So, e.g. when opening a file, don’t immediately catch the exception, log it and continue. The following code will try to read from that file and of course fail as well.

Generally, you write program statements because your logic needs them. So, if one of your steps fails, the whole method won’t give the desired results. So, let exceptions that you receive simply bubble up the stack, and actively throw appropriate exceptions whenever you detect failure conditions.

## Avoid Catching

Although a good general guideline, “Avoid Catching” is over-simplified.

Better: think three times if you really want to catch exceptions here in this place. I’ve seen lots and lots of code cluttered with try/catch constructs that are unnecessary and most of the time even quality traps or plain programming mistakes.

Catch exceptions only in places where you can successfully continue, even after some of your program so far has failed. That translates to the question: Do I have a fallback or recovery strategy available that can turn the failure I just experienced into a success? Maybe by a retry/reconnect or by having an alternative algorithm or whatever.

In catching exceptions, you have to be honest to yourself:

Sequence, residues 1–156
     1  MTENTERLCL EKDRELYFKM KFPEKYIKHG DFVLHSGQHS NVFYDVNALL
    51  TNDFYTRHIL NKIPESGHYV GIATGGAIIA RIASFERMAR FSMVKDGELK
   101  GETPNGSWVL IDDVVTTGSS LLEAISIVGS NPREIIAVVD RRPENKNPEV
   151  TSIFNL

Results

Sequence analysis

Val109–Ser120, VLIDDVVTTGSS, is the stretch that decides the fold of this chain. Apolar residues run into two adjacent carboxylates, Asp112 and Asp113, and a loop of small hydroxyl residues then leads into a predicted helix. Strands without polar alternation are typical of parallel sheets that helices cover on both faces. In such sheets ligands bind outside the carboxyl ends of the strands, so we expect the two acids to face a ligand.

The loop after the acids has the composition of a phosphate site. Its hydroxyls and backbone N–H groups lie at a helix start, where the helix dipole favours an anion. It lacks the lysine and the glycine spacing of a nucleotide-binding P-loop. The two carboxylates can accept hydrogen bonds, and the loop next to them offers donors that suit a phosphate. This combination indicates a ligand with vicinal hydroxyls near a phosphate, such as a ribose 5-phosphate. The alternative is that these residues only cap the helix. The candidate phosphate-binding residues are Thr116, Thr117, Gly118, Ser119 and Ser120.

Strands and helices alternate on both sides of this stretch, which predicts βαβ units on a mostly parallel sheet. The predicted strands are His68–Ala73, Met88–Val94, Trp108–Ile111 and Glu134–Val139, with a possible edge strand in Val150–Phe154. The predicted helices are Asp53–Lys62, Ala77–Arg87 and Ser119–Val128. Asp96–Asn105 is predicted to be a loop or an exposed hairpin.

• You know that something in your current code block failed.
• You also know how the failing code labeled the type of failure (by means of creating its exception object), or how some layer in-between re-labeled the original failure reason (by wrapping the original exception object). (You see, this isn’t the most reliable source of information.)
• Take into account that a given exception type might come from any enclosed piece of code, from any level deep down the stack. So don’t assume you know what happened from just looking at the exception object.
• Having only these informations, can you turn your current method into success?

An honest answer to this reasoning will be “No” in most cases. And then don’t catch the exception.

Valid “Yes” situations are e.g. having a retry/reconnect strategy at hand, or an alternative algorithm, or just reasoning about optional code, something like a cleanup that’s nice to have, but not necessary for making your current method succeed.

You should finally catch exceptions at some top-level (user-interface action level, service API top layer, etc.). There:

• log the error,
• tell the user or your client that their request failed,
• and wait for the next request, that probably (hopefully?) won’t run into the same problem.